PWD financial inclusion seen expanding due to digital transactions

THE Bangko Sentral ng Pilipinas (BSP) is betting that digital transactions will help persons with disabilities (PWDs) better meet their banking needs.

“Through digital financial inclusion, persons with disabilities will be in a position not only to overcome restrictions brought about by the pandemic, but also prepare them to take full advantage of opportunities in the post-COVID economy,” BSP Governor Benjamin E. Diokno said in an online briefing.

The central bank is in discussions with the PWD sector to promote the benefits of digital transactions, according to Cesar Augusto E. Villanueva, Jr., acting deputy director of the BSP’s Financial Inclusion Office. He added the office is still fine-tuning its data reflecting PWDs’ access to accounts and credit.

“(Online transactions) can overcome traditional challenges encountered by the sector such as time, distance, cost and effort that conventional channels would require when PWDs conduct their financial transactions,” Mr. Villanueva said.

PWD-related concerns received by the BSP consisted only of 0.1% of all complaints received as of the third quarter of 2021, Mr. Diokno said.

In the first half of 2021, the central bank received 14 PWD-related concerns, up from the four received in 2020. Mr. Diokno said the bank did not field any PWD-related complaints in 2019.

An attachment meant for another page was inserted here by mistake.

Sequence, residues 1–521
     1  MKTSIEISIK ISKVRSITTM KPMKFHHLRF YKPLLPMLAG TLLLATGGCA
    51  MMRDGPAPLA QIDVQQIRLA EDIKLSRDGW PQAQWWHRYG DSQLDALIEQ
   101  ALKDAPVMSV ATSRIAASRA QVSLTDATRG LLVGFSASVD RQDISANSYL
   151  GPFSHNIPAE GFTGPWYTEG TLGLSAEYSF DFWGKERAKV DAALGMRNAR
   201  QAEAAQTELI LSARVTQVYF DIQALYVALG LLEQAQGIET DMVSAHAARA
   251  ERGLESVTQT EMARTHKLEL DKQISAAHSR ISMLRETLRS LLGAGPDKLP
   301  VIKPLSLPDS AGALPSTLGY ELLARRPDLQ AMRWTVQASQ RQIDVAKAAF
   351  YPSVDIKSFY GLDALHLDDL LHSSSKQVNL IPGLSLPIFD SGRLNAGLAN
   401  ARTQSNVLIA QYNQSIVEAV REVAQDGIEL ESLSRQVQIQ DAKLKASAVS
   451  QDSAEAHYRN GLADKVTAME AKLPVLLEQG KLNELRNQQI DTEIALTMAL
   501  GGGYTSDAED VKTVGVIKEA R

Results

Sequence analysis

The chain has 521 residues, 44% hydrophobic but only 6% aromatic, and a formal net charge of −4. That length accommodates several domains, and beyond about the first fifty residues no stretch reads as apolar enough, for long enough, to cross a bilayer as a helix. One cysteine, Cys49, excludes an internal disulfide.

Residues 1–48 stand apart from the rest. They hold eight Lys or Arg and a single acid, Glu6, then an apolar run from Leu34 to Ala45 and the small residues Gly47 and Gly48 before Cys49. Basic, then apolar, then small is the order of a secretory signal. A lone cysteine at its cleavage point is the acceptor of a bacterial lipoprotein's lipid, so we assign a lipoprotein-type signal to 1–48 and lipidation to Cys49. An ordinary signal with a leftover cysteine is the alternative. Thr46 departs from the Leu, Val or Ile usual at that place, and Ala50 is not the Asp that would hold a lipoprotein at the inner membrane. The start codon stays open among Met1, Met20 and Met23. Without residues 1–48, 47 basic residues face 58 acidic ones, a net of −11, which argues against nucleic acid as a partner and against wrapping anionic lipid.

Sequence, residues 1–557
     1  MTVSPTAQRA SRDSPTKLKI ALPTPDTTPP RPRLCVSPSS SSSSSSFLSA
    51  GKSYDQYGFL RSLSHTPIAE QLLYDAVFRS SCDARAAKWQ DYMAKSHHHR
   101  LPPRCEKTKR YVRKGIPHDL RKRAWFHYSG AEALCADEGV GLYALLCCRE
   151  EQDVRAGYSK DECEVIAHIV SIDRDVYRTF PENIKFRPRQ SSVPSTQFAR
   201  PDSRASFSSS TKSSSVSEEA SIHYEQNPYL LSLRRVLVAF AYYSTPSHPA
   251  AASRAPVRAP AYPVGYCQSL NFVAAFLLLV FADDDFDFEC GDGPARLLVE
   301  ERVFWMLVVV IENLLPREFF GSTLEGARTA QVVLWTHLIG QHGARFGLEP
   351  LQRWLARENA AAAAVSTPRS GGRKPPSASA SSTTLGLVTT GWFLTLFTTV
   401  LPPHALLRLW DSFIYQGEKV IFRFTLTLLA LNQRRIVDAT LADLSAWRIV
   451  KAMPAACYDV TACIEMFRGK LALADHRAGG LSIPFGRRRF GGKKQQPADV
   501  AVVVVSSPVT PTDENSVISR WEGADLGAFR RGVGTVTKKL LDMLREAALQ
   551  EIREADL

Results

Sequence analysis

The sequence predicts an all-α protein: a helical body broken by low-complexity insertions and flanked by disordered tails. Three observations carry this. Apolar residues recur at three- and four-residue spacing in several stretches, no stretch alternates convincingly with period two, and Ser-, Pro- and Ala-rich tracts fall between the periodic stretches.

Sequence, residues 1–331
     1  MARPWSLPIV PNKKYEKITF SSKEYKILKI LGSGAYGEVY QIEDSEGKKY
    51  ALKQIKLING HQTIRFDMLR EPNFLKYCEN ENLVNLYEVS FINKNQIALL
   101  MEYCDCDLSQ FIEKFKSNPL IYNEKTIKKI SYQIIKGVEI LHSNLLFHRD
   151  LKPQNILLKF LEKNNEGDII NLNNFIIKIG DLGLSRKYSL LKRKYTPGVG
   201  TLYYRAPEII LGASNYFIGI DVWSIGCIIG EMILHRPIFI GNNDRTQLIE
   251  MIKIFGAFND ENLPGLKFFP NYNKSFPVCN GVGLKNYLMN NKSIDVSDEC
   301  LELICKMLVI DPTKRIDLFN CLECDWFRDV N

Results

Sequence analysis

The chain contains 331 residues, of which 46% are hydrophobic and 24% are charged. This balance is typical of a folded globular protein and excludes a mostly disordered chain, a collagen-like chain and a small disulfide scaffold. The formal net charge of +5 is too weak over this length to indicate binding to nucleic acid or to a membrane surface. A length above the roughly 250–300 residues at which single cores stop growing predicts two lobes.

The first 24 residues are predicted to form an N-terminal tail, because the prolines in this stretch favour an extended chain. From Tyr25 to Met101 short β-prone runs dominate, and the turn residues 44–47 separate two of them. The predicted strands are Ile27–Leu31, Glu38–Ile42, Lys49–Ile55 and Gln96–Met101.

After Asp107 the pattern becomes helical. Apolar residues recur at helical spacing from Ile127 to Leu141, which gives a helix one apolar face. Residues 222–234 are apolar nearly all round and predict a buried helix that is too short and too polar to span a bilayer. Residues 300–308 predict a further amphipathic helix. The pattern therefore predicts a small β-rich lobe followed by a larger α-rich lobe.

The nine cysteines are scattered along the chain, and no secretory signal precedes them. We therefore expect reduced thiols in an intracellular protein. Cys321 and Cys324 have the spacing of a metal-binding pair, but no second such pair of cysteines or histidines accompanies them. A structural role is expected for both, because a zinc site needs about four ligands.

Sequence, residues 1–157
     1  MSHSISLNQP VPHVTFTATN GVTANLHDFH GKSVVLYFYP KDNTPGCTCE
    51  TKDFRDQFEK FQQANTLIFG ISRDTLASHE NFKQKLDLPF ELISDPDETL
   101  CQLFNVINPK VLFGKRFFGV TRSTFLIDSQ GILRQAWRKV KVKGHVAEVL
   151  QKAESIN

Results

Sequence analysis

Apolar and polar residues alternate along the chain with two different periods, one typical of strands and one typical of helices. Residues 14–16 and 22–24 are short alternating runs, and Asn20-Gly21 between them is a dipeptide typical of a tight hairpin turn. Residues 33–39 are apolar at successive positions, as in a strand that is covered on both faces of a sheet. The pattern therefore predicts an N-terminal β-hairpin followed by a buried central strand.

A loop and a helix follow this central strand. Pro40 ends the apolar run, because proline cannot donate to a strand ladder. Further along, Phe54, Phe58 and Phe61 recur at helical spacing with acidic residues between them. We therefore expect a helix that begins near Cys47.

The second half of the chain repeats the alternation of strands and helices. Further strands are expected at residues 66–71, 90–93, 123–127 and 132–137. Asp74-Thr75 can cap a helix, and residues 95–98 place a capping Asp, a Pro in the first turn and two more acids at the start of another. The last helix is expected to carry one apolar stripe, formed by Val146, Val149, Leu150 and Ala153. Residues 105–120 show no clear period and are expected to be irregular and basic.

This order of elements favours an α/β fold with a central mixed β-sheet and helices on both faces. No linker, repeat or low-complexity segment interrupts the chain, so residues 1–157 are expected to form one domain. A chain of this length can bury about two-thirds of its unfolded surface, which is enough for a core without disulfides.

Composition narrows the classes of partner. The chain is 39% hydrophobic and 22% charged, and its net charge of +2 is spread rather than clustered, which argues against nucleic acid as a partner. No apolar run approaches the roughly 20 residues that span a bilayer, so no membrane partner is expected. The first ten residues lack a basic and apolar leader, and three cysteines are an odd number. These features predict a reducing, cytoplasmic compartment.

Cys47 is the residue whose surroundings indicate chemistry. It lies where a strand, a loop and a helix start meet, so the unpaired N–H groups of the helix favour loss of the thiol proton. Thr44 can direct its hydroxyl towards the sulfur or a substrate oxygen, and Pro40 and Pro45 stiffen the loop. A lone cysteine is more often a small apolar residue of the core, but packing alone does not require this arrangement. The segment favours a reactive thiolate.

“These complaints do not necessarily pertain to discriminatory practices against persons with disabilities, but are similar in nature to the complaints received from other consumers, which include issues on interest charges and undispensed amounts and unprocessed bill payments,” Mr. Diokno said.

In July, the BSP through Memorandum No. M-2021-040 instructed financial institutions to be more inclusive in extending services to PWDs, including those with learning difficulties, people who are deaf or have hearing difficulties, and the visually impaired, the central bank said.

The directive put banks on notice to avoid discriminatory practices such as non-acceptance of the PWD identification card to open accounts and other financial transactions; turning away visually impaired persons from opening bank accounts, and requiring visually impaired customers to open only joint accounts.

The memorandum also reminded institutions to provide access ramps and Braille systems at their premises and automated teller machines, as well as express lanes for PWDs.

Last year, the central bank incorporated additional tactile marks to banknotes for easier identification of the various denominations by the visually impaired. — Luz Wendy T. Noble